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Pom Pom Pattern Activity for Preschoolers

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Do you need an easy preschool activity for practicing patterns? Pair this free Pom Pom Pattern printable with some Dollar Tree pom poms, and you’re ready to go!

I absolutely love doing easy educational activities with my three-year-old. I’m homeschooling my oldest, and I do a little bit of preschool with my 3-year-old each day. 

I need whatever I do with her to be simple. This pom pom pattern activity fits into our routine perfectly. Grab and go, baby! 

Print, laminate, and store this in a busy bag for easy access. There are three different types of patterns included, plus a black and white version for you to create your own. 

YouTube video
Scroll down to see a live action video of my daughter working on the Pom Pom Pattern activity.

What is included in the Pom Pom Pattern Printable?

There are 6 different colored 5×7 pattern cards and 1 blank, black and white card included in this free download. 

The first two pages follow the AB pattern. Each card contains two different patterns with an empty circle at the end of the line for you to fill in the correctly colored pom pom. 

The next two pages have AAB patterns. These are a bit more challenging for younger children, so I’ve only included one pattern per card. Again, the very last circle is left grey so your child can fill in the correct color.

Pages 5 and 6 have ABC patterns. This pattern is pretty advanced for preschool, and I only put one pattern per card. 

The last page is a blank template that you can print out and color in yourself to save on ink. You could also let an older sibling create a pattern for your preschooler to practice or create a pattern with your preschooler. Dot markers could be really fun to fill in the circles with different colored patterns. 

Pom Pom Pattern Activity Blank Card 7

What other supplies do I need?

After you print the pattern printable, all you need is some pom poms, and you’re ready to get going!

Pom Poms

You’ll need some orange, yellow, green, blue, and purple pom poms in order to practice the patterns. This just so happens to be exactly what comes in the Dollar Tree pom pom packs. 

I created this printable because everything else I found online included pom pom colors I didn’t have. So if you’re like me, and you only have Dollar Tree pom poms, this is the printable for you!

Pom Pom Pattern Activity Example Card

As an aside, I love Dollar Tree for purchasing supplies for preschool crafts. They even have lots of educational supplies as well in the teacher corner. I’ve found really great quality workbooks in this section, and I include these in our preschool routine as well!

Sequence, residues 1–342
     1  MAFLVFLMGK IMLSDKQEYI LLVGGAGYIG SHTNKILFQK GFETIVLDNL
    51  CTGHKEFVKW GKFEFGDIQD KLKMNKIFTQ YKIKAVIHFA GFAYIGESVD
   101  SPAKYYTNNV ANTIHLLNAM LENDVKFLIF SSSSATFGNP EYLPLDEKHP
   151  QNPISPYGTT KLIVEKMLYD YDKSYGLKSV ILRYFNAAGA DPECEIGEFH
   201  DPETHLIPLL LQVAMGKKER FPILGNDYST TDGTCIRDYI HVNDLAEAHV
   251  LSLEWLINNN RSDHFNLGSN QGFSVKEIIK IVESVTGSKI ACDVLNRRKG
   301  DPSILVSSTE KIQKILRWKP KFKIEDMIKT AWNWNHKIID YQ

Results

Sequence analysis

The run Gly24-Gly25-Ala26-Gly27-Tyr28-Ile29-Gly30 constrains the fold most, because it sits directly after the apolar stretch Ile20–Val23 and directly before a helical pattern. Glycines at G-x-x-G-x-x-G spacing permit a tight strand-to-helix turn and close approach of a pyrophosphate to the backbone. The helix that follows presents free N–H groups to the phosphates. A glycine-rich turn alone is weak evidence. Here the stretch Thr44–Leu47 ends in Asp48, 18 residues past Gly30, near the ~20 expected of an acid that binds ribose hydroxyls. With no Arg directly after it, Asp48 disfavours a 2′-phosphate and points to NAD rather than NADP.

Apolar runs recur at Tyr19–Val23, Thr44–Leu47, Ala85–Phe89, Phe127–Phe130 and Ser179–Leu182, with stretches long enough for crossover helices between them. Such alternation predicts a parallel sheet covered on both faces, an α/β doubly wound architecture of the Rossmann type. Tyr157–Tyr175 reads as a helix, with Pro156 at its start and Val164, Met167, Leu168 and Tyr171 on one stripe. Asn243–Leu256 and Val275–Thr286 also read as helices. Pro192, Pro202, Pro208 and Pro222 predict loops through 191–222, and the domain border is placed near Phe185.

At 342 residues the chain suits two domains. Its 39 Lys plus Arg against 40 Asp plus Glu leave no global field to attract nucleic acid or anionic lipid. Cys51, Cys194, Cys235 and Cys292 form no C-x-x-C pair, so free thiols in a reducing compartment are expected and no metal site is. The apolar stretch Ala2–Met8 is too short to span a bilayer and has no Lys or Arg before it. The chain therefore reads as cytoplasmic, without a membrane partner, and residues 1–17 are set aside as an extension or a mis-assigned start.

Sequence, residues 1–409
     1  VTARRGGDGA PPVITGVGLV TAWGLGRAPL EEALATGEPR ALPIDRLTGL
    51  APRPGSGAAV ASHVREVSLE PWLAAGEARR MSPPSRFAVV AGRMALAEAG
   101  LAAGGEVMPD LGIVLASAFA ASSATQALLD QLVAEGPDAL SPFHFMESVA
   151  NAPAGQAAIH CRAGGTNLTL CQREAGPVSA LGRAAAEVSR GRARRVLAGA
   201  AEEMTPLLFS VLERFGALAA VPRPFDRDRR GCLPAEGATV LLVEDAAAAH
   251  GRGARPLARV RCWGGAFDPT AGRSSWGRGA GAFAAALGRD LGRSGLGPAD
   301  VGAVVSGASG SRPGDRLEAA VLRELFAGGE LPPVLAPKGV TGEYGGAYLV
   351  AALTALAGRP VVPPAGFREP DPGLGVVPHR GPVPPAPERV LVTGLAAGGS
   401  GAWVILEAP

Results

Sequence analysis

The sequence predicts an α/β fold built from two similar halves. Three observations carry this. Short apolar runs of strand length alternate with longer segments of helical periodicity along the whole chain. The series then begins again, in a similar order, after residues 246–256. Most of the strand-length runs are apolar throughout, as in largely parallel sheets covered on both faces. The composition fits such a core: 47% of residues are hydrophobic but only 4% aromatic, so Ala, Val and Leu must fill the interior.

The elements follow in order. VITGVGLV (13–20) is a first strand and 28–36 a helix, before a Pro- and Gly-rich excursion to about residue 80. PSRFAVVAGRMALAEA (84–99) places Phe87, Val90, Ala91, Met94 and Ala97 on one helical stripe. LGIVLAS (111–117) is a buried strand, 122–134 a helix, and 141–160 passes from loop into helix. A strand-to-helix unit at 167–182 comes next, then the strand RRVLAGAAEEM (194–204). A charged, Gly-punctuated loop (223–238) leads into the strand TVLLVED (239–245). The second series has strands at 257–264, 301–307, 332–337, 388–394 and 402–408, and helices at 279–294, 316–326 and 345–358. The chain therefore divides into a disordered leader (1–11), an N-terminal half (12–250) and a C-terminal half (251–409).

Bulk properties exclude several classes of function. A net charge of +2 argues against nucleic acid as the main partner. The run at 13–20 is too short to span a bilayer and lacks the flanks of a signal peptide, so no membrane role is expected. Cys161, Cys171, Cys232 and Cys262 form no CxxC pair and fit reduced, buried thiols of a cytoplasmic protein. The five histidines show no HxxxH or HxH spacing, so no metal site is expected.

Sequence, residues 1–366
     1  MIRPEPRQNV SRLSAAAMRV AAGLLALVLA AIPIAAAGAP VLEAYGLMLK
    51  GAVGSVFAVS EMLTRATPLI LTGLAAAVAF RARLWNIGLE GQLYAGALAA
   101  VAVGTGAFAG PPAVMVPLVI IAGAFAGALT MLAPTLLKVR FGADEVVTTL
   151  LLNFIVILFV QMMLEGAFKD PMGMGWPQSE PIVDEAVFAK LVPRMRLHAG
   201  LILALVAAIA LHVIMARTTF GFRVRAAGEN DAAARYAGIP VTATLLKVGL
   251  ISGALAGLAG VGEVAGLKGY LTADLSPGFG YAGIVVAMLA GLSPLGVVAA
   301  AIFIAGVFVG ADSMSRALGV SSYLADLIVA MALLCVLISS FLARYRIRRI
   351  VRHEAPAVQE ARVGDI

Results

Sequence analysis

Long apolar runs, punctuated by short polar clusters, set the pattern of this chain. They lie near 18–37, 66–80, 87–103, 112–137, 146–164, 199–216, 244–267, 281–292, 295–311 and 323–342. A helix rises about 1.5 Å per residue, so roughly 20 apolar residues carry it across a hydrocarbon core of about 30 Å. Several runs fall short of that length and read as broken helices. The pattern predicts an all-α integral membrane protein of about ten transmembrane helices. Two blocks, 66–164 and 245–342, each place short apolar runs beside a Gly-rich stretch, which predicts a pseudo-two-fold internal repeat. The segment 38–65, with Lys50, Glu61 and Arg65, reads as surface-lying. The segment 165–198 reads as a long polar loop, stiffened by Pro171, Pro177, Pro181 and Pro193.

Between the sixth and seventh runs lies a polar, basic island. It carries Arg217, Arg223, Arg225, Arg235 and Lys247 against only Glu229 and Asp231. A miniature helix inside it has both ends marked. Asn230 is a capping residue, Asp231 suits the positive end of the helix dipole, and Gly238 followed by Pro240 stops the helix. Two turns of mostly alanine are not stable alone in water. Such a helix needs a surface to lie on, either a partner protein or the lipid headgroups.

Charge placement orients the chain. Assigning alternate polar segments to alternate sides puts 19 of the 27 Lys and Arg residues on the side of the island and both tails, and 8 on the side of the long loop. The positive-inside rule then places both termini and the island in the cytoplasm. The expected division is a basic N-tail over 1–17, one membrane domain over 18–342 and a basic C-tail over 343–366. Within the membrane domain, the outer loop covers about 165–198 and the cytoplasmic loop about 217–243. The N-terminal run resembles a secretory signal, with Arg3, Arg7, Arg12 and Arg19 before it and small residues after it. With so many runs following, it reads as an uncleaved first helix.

I’d also highly recommend laminating this activity. You can definitely use this printable without laminating, but I’m all about creating activities that we can reuse again and again. 

We’ve talked about this laminator and these laminating sheets on our blog before. Both Bekah and I love them. I’ve been able to create so many educational activities for my kids. It’s definitely worth the investment if you don’t already own one in my opinion.

Working mom perspective: Yes, I love having a laminator. You can create unique, educational activities that will last. I’ve definitely gotten my money’s worth!

How do I use the Pom Pom Pattern Printable with my preschooler?

YouTube video
This is Emma’s second time doing the Pom Pom Pattern activity. We’re focusing on matching the colors and becoming familiar with the rhythm of the AB pattern. (It’s rained a lot recently, and our sump pump is working overtime in the background of this video.)

If this is your child’s first experience with patterns, I’d recommend focusing on matching the colored pom poms to the colored circles on the pattern card. 

Once you have the colored circles filled in with pom poms, point to each circle and say the colors in the pattern’s rhythm with a slight pause after each set. This will help your child hear the pattern as well as see it. 

When you get to the grey circle, point to it in time with the rhythm of the pattern, but don’t say the color. See if your child can say the color. Sometimes, children will blurt out the correct color excitedly because they’ve figured out the pattern. Sometimes, they’ll just guess a random color, and that’s okay, too!

Success! Picture of child smiling after placing a pom pom.

If they get it wrong, be encouraging with a remark like, “good try! Let’s go back to the beginning of the pattern and try again,” and this time, say the correct color when you get to the grey circle. Let your child fill it in with the correctly colored pom pom. 

Pom Pom Pattern Extension Activity

If your child is a tactile learner, consider adding motions or body percussion to your chant.

For example, with the first card, instead of just saying green, yellow, green, yellow, green, yellow; you could pat your legs when you say green and clap when you say yellow. 

Adding in some type of movement can help your child feel the pattern, as well. 

You could do all sorts of different movements with the different patterns. Rubbing your hands together is a great option for two syllable words like yellow or purple.

You can even stand up and add in large motor movements like jump or spin to your patterns. 

Get creative with it! I can already hear the “We Will Rock You” AAB Pattern Remix… “stomp, stomp, clap; stomp, stomp, clap.” 


I hope you and your child enjoy this pom pom pattern activity! Don’t worry if some of the pattern types are too difficult right now. Start with the easier AB pattern, and work your way up. Have some fun creating your own patterns too!

Need some more printables for kids? We’ve got you covered!

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